Orgel’s Second Rule: “Evolution is cleverer than you are.”
Mankind has evolved to believe in religion, not understand science.
“Man masters nature not by force but by understanding. This is why science has succeeded where magic failed: because it has looked for no spell to cast on nature.” – Jacob Bronowski (1908 – 1974)
Histone deacetylase enzymes
at Science and Reason
Cancer: Genes, Chromosomes or both
at Omics! Omics!
Pseudomonas aeruginosa: Versatile Pathogen and Drug Addict?
at Small Things Considered
Centrosome Structure and Duplication
here at Migrations
And some ScienceDaily picks, below the fold:
Sea Anemone Genome Provides New View Of Our Multi-celled Ancestors
The genome of the starlet sea anemone is nearly as complex as the human genome, according to researchers who have completed the first analysis of the animal’s genes. Because of this similarity, it is providing major insights into the common ancestor of eumetazoans, a group that includes not only humans and sea anemones, but nearly all multi-celled animals.
Cooperative single-celled amoebae rely on family ties to keep cheaters from undermining the health of their colonies, researchers say. In a study combining careful field work with painstaking laboratory research, biologists examined thousands of spores of the soil microbe Dictyostelium discoideum. Field studies revealed high-relatedness in wild colonies, and laboratory studies showed that cheating mutants couldn’t gain a foothold in highly related colonies.
Scientists have discovered that adult neural stem cells, which exist in the brain throughout life, are not a single, homogeneous group. Instead, they are a diverse group of cells, each capable of giving rise to specific types of neurons. The finding, the team says, significantly shifts the perspective on how these cells could be used to develop cell-based brain therapies.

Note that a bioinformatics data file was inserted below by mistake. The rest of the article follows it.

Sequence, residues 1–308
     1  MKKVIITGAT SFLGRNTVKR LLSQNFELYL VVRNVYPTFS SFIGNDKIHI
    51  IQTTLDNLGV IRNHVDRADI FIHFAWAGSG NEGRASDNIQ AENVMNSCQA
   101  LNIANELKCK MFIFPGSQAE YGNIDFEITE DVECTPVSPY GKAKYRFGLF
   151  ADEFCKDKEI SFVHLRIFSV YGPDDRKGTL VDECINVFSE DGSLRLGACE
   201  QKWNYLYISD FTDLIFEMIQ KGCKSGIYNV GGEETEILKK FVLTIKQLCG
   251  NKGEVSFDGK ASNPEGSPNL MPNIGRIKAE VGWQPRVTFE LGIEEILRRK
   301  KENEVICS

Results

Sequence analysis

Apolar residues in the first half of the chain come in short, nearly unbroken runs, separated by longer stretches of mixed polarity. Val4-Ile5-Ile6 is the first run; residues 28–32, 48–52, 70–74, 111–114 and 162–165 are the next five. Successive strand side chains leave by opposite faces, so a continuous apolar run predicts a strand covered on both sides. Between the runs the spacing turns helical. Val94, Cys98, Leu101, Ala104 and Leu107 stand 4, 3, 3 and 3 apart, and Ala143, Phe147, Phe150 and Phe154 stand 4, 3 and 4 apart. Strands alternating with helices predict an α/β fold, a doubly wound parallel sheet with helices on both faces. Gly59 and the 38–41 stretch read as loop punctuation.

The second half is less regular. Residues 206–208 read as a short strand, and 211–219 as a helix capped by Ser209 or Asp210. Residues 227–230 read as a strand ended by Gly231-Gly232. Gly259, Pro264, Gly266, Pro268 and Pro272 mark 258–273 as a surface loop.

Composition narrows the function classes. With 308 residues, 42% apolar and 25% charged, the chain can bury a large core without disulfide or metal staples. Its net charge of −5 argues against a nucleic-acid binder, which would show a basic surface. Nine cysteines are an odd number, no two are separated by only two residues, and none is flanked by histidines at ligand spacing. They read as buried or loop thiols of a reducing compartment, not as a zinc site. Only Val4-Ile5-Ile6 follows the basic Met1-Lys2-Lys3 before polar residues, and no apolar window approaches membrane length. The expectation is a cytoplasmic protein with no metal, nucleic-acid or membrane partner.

A chemically-modified version of a mitochondrial toxin long used to control species of invasive fish in lakes has been found to selectively inhibit two “survival proteins” in cancer cells.
Researchers present a new model of early biological evolution — the first that directly relates the fitness of a population of evolving model organisms to the properties of their proteins. The results of the study suggest a plausible comprehensive scenario of emergence and growth of the protein universe in early biological evolution.
A recent article reports on a new understanding of the growth of human stem cells. It had been thought previously that stem cells are directly influenced by cells in the local environment or ‘niche’, but the situation may be more complex. Human embryonic stem cells can be seen as perpetual machines that generate fuel for life.